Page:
- If the employee is the mother, she must be entitled to statutory maternity leave and have ended that entitlement by having ‘curtailed’ that leave or, where this is not done, have returned to work before the end of her statutory maternity leave. If the employee is the father or partner, the mother must be entitled to statutory maternity leave and have curtailed that leave or, if she is not entitled to statutory maternity leave but is entitled to statutory maternity pay or maternity allowance, have curtailed that pay or allowance.
- Notice requirements
The notice requirements under the draft regulations are particularly complex but will need to be ref lected in the shared parental leave policy.
- For example, employees must give their employer notice of their entitlement and intention to take SPL (which should include specified information and declarations) at least eight weeks prior to the start date of their first period of SPL and a period of leave notice. Evidence may also be requested by the employer. Notice can be given to vary the notice of entitlement and intention to take SPL and the period of SPL.
- If employees request a continuous period of leave, they will be entitled to take that period of leave. If they request a discontinuous period, in the two weeks following the date the notice was given, the employer can consent, propose alternative dates or refuse the periods of leave. If no agreement is reached within the two weeks, the employee is entitled to take the leave requested as a continuous period of leave. An employee may withdraw a notice requesting discontinuous periods of SPL on or before the 15th day after the notice was given, unless the employer and employee have agreed to periods of leave.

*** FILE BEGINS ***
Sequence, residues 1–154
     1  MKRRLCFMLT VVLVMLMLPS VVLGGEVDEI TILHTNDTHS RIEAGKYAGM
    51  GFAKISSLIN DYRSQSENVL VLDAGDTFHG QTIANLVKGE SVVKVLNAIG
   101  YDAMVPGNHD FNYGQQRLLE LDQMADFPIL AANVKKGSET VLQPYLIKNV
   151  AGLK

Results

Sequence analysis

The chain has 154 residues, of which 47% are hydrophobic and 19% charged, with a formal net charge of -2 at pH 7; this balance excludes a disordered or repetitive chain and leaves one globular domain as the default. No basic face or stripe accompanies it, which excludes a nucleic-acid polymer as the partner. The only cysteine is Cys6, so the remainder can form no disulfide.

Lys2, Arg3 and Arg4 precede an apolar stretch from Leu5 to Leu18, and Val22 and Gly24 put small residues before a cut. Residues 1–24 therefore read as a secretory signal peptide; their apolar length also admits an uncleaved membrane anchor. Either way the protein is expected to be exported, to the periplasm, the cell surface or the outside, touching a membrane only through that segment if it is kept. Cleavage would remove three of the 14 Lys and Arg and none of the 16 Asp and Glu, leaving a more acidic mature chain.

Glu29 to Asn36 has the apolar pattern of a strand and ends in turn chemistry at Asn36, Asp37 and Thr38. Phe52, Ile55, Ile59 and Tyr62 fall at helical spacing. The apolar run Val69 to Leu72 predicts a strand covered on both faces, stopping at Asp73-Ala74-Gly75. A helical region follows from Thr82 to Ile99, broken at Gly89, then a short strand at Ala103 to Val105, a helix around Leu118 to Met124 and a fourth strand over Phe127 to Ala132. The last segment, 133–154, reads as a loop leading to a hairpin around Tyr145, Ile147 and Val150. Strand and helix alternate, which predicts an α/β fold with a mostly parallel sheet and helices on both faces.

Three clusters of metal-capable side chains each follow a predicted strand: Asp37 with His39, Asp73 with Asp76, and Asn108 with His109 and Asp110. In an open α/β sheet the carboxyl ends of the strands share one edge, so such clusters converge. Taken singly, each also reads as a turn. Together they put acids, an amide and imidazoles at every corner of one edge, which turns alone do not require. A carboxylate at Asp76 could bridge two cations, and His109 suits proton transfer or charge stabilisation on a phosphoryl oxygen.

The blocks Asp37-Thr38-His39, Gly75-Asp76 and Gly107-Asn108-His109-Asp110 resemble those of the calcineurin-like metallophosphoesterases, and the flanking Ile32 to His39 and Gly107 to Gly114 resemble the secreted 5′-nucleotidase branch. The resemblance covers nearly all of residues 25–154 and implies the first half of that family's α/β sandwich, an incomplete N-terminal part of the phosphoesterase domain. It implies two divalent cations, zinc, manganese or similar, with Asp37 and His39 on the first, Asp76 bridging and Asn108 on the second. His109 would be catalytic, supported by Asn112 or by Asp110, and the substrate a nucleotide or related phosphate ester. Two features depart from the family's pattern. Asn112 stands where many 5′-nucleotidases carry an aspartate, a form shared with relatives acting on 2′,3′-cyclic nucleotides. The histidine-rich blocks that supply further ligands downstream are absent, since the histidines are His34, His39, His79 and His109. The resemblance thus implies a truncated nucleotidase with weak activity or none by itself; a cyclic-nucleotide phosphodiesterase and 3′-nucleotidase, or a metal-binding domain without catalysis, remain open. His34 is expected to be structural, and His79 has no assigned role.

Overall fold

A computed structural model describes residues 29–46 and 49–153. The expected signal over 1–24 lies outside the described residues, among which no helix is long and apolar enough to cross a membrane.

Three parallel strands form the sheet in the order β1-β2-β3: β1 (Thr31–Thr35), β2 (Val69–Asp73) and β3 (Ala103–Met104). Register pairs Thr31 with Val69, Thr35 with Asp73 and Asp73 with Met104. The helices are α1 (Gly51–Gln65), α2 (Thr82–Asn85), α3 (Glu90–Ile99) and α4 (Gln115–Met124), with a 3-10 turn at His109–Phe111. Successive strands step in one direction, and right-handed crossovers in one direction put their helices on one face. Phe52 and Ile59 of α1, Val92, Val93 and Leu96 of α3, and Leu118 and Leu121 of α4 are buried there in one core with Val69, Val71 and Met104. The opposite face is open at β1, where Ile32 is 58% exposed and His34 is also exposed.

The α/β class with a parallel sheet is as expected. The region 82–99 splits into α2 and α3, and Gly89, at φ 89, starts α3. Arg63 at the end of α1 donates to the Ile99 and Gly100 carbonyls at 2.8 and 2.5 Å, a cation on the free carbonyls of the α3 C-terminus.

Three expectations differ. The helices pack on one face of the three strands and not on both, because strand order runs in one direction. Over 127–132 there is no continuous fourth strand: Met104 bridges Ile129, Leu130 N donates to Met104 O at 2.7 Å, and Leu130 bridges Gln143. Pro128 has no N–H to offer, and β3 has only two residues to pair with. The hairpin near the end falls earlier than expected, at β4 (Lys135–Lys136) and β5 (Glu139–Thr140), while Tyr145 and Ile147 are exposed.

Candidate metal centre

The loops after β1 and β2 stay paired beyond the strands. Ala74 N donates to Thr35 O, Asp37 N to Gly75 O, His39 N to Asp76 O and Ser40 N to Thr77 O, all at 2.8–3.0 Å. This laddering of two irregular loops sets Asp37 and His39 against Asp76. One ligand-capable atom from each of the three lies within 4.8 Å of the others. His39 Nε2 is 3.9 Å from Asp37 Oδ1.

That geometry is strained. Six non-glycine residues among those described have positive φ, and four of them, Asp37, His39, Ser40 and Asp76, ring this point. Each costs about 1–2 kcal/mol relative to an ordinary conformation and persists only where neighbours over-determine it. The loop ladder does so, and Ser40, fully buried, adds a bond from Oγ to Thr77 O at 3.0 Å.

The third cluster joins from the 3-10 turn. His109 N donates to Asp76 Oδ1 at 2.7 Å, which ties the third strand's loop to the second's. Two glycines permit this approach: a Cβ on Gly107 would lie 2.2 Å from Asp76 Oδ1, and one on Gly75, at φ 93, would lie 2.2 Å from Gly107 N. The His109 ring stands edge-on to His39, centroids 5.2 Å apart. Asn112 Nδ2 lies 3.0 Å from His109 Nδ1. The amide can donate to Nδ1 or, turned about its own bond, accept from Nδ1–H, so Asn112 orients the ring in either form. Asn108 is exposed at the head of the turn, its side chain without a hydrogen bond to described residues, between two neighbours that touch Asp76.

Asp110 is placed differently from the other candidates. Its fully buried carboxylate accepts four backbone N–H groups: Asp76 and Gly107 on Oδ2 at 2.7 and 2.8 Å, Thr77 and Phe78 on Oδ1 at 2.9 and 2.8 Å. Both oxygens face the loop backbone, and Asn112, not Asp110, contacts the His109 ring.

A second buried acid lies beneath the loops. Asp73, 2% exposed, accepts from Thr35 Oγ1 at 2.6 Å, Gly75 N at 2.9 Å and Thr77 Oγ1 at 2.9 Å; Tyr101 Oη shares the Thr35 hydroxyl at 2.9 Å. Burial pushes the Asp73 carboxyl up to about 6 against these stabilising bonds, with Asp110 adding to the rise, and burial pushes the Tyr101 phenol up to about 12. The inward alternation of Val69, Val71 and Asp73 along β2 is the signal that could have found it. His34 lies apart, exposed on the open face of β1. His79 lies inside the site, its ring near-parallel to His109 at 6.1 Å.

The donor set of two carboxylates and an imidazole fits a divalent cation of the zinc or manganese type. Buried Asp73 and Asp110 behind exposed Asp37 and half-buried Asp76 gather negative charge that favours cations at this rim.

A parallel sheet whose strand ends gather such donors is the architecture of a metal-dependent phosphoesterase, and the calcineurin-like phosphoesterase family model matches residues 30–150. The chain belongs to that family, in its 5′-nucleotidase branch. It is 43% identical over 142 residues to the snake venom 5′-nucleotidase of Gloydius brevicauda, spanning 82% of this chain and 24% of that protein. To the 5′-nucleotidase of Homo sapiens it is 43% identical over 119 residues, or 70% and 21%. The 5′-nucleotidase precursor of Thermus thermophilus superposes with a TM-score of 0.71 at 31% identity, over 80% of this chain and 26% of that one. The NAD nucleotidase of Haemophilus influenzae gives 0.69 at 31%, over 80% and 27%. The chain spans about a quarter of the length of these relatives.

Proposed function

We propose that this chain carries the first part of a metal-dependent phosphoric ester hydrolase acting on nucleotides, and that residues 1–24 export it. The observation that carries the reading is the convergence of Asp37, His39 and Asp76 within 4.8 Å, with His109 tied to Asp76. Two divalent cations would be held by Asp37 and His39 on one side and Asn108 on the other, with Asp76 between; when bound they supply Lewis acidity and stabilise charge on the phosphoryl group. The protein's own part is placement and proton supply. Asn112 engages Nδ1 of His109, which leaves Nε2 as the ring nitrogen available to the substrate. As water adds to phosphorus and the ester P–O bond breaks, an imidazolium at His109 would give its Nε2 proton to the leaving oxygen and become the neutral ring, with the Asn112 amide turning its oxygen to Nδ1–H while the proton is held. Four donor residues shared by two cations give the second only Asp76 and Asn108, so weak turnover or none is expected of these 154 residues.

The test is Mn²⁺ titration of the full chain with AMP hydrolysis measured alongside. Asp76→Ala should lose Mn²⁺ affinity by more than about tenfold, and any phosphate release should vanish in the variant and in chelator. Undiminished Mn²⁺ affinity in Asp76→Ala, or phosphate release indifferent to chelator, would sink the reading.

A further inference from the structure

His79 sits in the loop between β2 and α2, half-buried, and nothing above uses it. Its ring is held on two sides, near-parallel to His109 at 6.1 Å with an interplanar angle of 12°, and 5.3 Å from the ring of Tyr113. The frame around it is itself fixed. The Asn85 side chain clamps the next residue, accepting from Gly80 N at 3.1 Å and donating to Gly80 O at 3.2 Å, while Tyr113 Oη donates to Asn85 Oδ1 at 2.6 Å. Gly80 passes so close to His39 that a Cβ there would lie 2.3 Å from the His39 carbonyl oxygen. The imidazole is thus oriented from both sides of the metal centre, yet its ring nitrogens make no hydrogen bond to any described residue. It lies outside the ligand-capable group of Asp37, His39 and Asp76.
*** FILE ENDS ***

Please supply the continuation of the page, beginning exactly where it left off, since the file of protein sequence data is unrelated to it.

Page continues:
- Employers do not have to accept any more than three notifications to take SPL on specific dates or changes to dates already agreed. This cap may be waived by agreement between the employer and employee.
- Notice requirements and conditions also apply in relation to curtailing statutory maternity leave and in connection with qualifying for shared parental pay.
- Terms and conditions
- During SPL, employees will be entitled to the terms and conditions of employment (other than remuneration) which would have applied if they had not been absent.
- Certain protections also apply which might be familiar to employers given their application to other family friendly rights, for example, the right to return after SPL, redundancy during SPL and protection from detriment and unfair dismissal.
- Each eligible parent will be entitled to 20 ‘shared parental leave in touch’ (SPLIT) days which enable an employee to carry out work for the employer during SPL without bringing it to an end. These will be additional to the 10 KIT days available during maternity and adoption leave.
- Enhanced pay
- Many employers offer enhanced maternity pay. In such cases, employers may need to consider whether to offer enhanced pay for SPL, given the potential risk of discrimination claims, although this point is unclear at the moment. This requires careful consideration when drafting the shared parental leave policy.